Upper Cook Inlet
Volume data of 11,077 metric tons is the annual average catch from 2002 – 2011 according to NPAFC.
The Alaska salmon fisheries were some of the earliest fisheries to receive MSC certification, being first certified in December 2000. Since then, the fisheries were re-certified in October 2007 and again in November 2013. Four conservation groups filed an objection to the most recent certification effort, citing insufficient evaluation of harvest rates on depleted, non-Alaskan salmon stocks intercepted in Southeast Alaska fisheries. However, an independent adjudicator dismissed the objection. The Units of Certification (UoCs; sub-components of the fishery that are individually evaluated) have varied among assessments, with the most recent assessment defining 14 units based on geographic area. Thirteen of the units were scored to pass certification, but the Prince William Sound (PWS) UoC is still under assessment, likely due to issues regarding hatchery production and the potential impacts on local wild stocks. Indeed, one of the most important fishery concerns is the accelerating release of hatchery pink and chum in Kodiak, PWS and Southeast Alaska (SEAK). Another issue is that some fisheries may affect stocks with low abundances that are designated as ‘stocks of concern,’ which are specified as ‘yield concern’ (escapement goals met but expected yields not met) or ‘management concern’ (escapement goals not met). Although the Alaska salmon fisheries benefit from the availability of high quality spawning habitat and a management system that closely monitors catches and escapements, there are still improvements to be made.
The Upper Cook Inlet (UCI) management area is located in Cook Inlet immediately south of Anchorage and north of the smaller Lower Cook Inlet management area. All five species of Pacific salmon are harvested, but the key species is sockeye salmon. Drift gillnet fishermen take approximately 50% of sockeye, pink, and coho, nearly 90% of chum, and approximately 7% of Chinook salmon. Stocking of hatchery salmon has occurred in UCI since the early 1970s. Most hatchery production involves sockeye salmon, with approximately 1 million marked fry released into Hidden Lake (Kenai watershed) in 2011. In 2011, approximately 112,000 hatchery adult sockeye, or 1.3% of the run, were harvested. Hatchery production of Chinook and coho is largely for sport fish harvests. ADF&G conducted a review of the UCI hatchery program in 2012 and found that hatchery operations met most regulations. There are no long-term plans for major expansion of hatchery production, and hatchery sockeye production has declined significantly in recent years. For example, stocking of sockeye salmon into Big Lake (northern UCI) was discontinued in 2009.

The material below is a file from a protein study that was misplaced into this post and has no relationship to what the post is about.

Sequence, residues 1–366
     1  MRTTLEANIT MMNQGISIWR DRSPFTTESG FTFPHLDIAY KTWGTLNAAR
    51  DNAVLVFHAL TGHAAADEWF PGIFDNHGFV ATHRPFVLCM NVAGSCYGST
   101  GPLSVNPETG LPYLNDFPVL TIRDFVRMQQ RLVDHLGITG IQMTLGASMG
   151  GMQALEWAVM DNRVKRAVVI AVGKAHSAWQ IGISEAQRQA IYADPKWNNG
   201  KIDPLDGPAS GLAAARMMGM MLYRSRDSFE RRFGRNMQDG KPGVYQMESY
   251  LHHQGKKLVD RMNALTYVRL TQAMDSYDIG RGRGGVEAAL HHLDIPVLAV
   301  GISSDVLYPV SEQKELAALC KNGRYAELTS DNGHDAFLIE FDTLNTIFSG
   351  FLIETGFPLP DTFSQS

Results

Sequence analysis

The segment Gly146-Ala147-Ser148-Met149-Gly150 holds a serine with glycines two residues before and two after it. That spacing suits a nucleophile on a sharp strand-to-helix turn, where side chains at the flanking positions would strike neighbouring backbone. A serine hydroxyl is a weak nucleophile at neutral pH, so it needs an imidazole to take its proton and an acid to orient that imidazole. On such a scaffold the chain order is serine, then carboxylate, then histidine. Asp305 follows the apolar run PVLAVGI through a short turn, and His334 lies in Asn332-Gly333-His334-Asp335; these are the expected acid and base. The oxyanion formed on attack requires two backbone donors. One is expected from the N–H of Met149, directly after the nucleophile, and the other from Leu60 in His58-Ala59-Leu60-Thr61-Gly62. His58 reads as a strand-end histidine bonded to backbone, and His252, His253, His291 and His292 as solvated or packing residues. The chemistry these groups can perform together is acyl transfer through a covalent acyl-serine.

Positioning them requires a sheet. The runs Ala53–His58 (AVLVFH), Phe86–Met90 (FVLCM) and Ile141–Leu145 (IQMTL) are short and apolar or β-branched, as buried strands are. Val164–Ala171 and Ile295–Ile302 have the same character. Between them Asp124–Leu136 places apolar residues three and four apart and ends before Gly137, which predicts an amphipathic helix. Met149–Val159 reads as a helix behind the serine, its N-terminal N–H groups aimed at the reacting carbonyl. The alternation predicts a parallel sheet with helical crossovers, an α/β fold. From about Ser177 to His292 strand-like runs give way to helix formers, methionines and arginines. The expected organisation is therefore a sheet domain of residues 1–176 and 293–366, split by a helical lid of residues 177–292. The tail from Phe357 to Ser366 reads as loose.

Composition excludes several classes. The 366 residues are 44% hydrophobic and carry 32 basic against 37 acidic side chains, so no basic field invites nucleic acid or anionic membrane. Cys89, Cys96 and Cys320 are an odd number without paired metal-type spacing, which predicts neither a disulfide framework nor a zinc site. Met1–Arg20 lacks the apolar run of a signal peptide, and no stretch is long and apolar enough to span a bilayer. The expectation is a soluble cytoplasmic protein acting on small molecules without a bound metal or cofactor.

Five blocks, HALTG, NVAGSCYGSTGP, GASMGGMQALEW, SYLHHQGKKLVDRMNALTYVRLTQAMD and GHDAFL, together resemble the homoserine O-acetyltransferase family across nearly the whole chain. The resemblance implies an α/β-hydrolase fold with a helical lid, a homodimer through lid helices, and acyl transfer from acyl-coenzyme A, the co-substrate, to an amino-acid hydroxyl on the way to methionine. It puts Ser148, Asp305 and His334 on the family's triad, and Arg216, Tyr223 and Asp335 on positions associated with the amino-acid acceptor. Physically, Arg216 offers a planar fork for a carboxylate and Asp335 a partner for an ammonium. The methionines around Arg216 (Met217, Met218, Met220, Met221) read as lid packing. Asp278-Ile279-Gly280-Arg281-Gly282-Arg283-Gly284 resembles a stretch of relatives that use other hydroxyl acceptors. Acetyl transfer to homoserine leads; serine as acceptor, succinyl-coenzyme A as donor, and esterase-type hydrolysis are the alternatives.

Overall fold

The Upper Cook Inlet fishery is managed to meet escapement goals for each species. There are 21 goals for Chinook, 3 for coho, 10 for sockeye, and 1 for chum salmon. During 2004-2012, the lower bound escapement goal was typically met for sockeye, Chinook, coho, and chum. The large number of escapement goals for Chinook salmon is a response to bycatch in the commercial fishery and keen interest by sport fishermen. Of these Chinook stocks, four were listed as stocks of management concern, and two were listed as stocks of yield concern. One of eleven sockeye salmon stocks (Suisitna River) is listed as a stock of yield concern. Action plans, as required for all listed stocks of concern in Alaska, have been prepared as a means to recover the UCI stocks. Stock composition of sockeye and Chinook salmon in the commercial fishery is estimated using genetic methods.
Purse Seine Vessels Owners Association (PSVOA; fishery client), Alaska Department of Fish and Game (ADF&G), Wild Salmon Center, Raincoast Conservation Foundation, Watershed Watch Salmon Society, David Suzuki Foundation, SkeenaWild Conservation Trust, Wild Fish Conservancy, American Bird Conservancy, Sustainable Fisheries Partnerships, Pacific Salmon Foundation, World Wildlife Fund, Ecotrust, University of Alaska Fairbanks
Native Corporations involved in Alaska salmon fisheries:
Arctic Slope Native Association, Bering Straits Association, Northwest Alaska Native Association, Association of Village Council Presidents, Tanana Chiefs’ Conference, Cook Inlet Association, Bristol Bay Native Association, Aleut League, Chugach Native Association, Tlingit-Haida Central Council, Kodiak Area Native Association, Copper River Native Association
The 2013 Public Certification Report for the Alaska salmon fisheries was released on November 12, 2013. No conditions (fishery improvement targets) were placed on the Upper Cook Inlet salmon fishery.
An Action Plan outlining timelines and activities that would be taken to address conditions was written by the Client, approved by the assessment team, and included in the assessment report. As no conditions were placed on the Upper Cook Inlet UoC, it was not included in the Action Plan.